Best for Beginners: Kodak PIXPRO Friendly Zoom FZ43

Kodak PIXPRO Friendly Zoom FZ43
Courtesy of Amazon.com

If simplicity is the most important factor in your budget digital camera purchase, it’s unlikely you find something easier to get started with than the Kodak PIXPRO Friendly Zoom FZ43. This is a true beginner camera and one of the few inexpensive cameras that has been consistently updated by Kodak to keep it fresh. 

The camera is exceptionally light at .26 pounds and measures just 2.37 x 3.67 x 1.05 inches. On top of its dead-simple design and interface, it offers up a 2.7-inch LCD screen, 4x optical zoom, 16-megapixel photos and the ability to shoot HD videos in 720p.

Some reviewers have warned that the camera has an average battery life of less than two hours, so you may want to purchase some additional AA batteries to go with it just in case. That said, at this price, it’s still a good deal and we’re sure the camera would make an excellent choice for anyone that is just getting started with photography.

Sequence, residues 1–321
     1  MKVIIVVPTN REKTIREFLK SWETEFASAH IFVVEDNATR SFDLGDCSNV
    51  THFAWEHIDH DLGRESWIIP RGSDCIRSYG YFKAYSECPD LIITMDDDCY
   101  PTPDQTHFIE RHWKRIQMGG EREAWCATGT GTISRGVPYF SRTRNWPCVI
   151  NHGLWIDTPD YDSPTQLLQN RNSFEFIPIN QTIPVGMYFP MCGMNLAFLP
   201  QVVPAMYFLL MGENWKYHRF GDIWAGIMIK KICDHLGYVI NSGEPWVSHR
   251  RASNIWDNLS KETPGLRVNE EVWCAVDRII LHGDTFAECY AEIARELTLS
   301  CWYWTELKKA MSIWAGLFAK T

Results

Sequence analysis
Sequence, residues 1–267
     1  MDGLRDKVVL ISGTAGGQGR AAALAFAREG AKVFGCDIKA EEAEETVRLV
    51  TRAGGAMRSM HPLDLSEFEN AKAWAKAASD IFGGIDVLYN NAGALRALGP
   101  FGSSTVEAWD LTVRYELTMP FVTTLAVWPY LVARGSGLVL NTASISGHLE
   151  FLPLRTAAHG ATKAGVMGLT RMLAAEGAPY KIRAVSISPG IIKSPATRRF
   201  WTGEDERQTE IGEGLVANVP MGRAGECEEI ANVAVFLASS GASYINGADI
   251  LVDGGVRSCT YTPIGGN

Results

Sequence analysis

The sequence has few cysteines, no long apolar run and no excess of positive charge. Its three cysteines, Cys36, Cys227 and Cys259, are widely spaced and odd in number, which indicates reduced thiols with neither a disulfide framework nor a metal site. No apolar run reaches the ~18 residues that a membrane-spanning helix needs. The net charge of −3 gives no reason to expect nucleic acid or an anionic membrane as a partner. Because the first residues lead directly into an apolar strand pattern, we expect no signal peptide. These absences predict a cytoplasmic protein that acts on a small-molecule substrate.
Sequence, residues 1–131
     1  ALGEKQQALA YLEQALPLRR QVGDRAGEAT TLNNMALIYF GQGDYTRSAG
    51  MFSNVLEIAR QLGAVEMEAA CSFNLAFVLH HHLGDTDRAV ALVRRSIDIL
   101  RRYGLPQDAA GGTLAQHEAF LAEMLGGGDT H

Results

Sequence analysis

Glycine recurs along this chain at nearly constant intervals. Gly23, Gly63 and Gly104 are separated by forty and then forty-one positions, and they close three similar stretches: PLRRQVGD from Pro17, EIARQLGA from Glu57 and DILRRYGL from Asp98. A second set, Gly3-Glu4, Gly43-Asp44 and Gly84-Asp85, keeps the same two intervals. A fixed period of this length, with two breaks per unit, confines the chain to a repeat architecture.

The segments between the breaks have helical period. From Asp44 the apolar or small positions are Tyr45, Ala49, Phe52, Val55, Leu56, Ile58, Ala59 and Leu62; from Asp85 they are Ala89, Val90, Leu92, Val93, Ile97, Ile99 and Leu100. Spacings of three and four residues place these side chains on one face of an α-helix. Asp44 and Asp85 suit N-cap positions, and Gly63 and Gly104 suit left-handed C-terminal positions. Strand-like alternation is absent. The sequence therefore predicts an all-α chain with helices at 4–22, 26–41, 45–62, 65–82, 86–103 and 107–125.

Interested in reading more reviews? Take a look at our selection of the best Kodak cameras

Best Action: AKASO EK7000

4.7

For a surprisingly reasonable price, you can buy the updated EK7000 from AKASO, a feat of engineering that hits all the marks its predecessor missed. At its core, it’s a camera that lets you shoot 4K video at 25 frames per second. That’s herculean in its own right. Add to that its ability to shoot 2.7K at up to 30fps and your interest will assuredly be piqued. And while most video cameras skimp in the static photography department, this one has a 16MP camera that is well suited for taking really big, really crisp stills. The built-in, 20-inch IPS display makes it easier to view them, and from all angles.

But an action camera is only as good as, well, its action capabilities. Its electronic image stabilization is sufficient for moving photos, though optical stabilization would have been better. But the waterproof rating is insane, as in, you can still take videos with the camera submerged 131 feet under sea level — a full 30 feet deeper than the previous generation AKASO EK7000. Somehow further upping the ante, the battery life lasts up to 90 minutes, and the camera comes with a full selection of case, mount, and care accessories.